EDIT: Oh if I only had the power to create at a whim (without having to work through the burdensome software tools to make it happen) right now I would create, right out of my mind, a commercial for this free software freedom brand - and you would be blown away by it! All that is necessary is to convert the feelings I described above, peace of mind and the feeling of being empowered and touched, into pure emotion that the video ad would be perfectly designed to induce. Pity creative power is diminished by the tools that need to be used to convey it just as a thought can be diminished when conveyed through words of human language.

Thanks

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I started using GNU/Linux

I started using GNU/Linux (when posting on the internet) quite a while ago and never had problems with it.
I got used to it quite fast. (A firefox plugin automatically replacing Linux with GNU/Linux would still be nice tough.)

As for the marketing, I recently saw a GNU/Linux magazine in a kiosk clearly stating "GNU/Linux" instead of "Linux"!
It was written in a very smart way: first you see "Linux" as a big title, but near the "L", there's also "GNU" written in smaller characters.
See here: http://www.gnulinuxmag.com/

Another similar way I can think of writing it would be to make "holes" in the "L" to write "GNU" vertically.

That way you have a "non-confusing" title which also contains GNU. Smiling
I think the fact that GNU is written smaller doesn't matter that much here.

As for promoting FOSS and the GPL, I would really appreciate a "FOSS" or "GPL" label on software/games.
That's what I don't like on happypenguin.org for example: They write "license:free", but it's not clear to me if that means gratis, libre or just open-source... Sad

The same goes for some websites hosting a program/game: it's not always easy to find out the license of the product.

Here's how I would like Free/libre games to be ideally for example:
-License link indicating license of source code and game art
-Download link clearly showing all available binaries, especially GNU/Linux so that Windows users get to see there's something else.
-Loading screen showing a "designed for GNU/Linux" or "designed for 'favorite distro'" and eventually "Vista capable" Smiling

The idea is basically to make people using FOSS in Windows aware of the existence of something else.

As for the advertising movie, it would be really great if we could convince the guys who made this:
http://www.lafkon.net/tc/
to make one for us. Laughing out loud
Their movie about "trusted computing" is really great!

dylunio's picture
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Freedom is indeed the thing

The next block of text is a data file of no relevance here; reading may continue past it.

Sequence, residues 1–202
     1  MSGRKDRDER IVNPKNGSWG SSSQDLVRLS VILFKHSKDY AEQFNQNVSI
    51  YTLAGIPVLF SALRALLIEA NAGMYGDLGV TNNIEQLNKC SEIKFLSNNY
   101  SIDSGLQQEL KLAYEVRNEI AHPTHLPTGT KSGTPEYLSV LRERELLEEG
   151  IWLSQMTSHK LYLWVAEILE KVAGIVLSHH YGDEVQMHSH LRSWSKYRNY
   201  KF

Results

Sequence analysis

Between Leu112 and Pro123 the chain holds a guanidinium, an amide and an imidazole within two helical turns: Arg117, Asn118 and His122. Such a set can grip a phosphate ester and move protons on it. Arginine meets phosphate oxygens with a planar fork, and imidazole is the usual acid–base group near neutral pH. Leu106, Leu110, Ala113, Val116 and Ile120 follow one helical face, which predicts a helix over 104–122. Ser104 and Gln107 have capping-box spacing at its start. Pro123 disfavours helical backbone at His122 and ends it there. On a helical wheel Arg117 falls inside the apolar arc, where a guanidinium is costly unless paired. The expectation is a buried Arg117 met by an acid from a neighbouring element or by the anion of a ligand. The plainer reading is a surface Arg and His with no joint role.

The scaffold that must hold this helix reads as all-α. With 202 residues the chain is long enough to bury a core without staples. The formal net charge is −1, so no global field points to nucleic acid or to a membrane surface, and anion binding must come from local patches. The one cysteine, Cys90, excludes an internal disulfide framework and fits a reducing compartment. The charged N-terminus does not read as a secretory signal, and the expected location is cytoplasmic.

Freedom is indeed the thing which makes Free operating systems such as GNU/Linux truly unique and different from proprietary operating systems such as Windows and OSX.

We people discussing here (from what I know of the people at Libervis) like Freedom in computing, thus I feel we wouldn't be true to ourselves if we marketed the 'product' in a way which doesn't adhere to our values. People who buy 'products' don't want to be sold a lie, which can be done easily if we just promote 'Linux', for instance it may be true that there are no 'viruses', however there are plenty of things such as rootkits out there ready to compromise people's computers given a chance. I don't think people like 'us' can sell 'Freedom' as a lie when it comes to GNU/Linux etc. as we believe in it ourselves - it is truer in the long term.

Of course it is up to everyone to make up their own mind how they promote Free operating systems, some like (I believe) Helios wishes to promote a certain OS and hard as possible in any way possible to get that OS to the mainstream, others of us wish to push Freedom with many operating systems and may not wish to 'compromise' for the 'quick fix' solution.

User offline. Last seen 11 years 31 weeks ago. Offline
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I believe that marketing

I believe that marketing Linux-based operating systems does help freedom, but it is not the best way. By marketing a certain kernel (plus the set of software it is usually combined with, such as GNU tools, XOrg, KDE/GNOME/Xfce...) one promotes a technology, and that technology is not always the best for everyone.

Freedom is an attribute of Free software. Advertising Free software in general is too vague, and advertising one Free program is too specific. I think the solution might be to try to convince people to join the community rather than trying to convince them to use Linux.

Guess what, that's what we in the Libervis network have been doing from the beginning. How can we do it better?

User offline. Last seen 10 years 4 weeks ago. Offline
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"Freedom inside"
libervisco wrote:

It's like FSF approving a license as a Free Software license or Open Source Initiative as an Open Source license. Once a piece of software is Free Software it gets branded under that "freedom brand" which should come to guarantee the peace of mind and the feeling of being empowered.

When I read this a picture came to my mind, some logo, symbolizing that the package (or project or download or whatever) is free software, featuring the slogan in my subject-line.
With my very limited graphical abilities I just inkscaped a little SVG.
Just somehow I can't seem to find a way how to attach it here...

memenode's picture
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I just copied the

I just copied the comment_upload module from Nuxified to here and enabled it. Just as on Nuxified, go to "file attachments" drop down link below the comment to upload. Smiling

You can edit your post to do that.

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KIAaze wrote: As for the
KIAaze wrote:

As for the marketing, I recently saw a GNU/Linux magazine in a kiosk clearly stating "GNU/Linux" instead of "Linux"!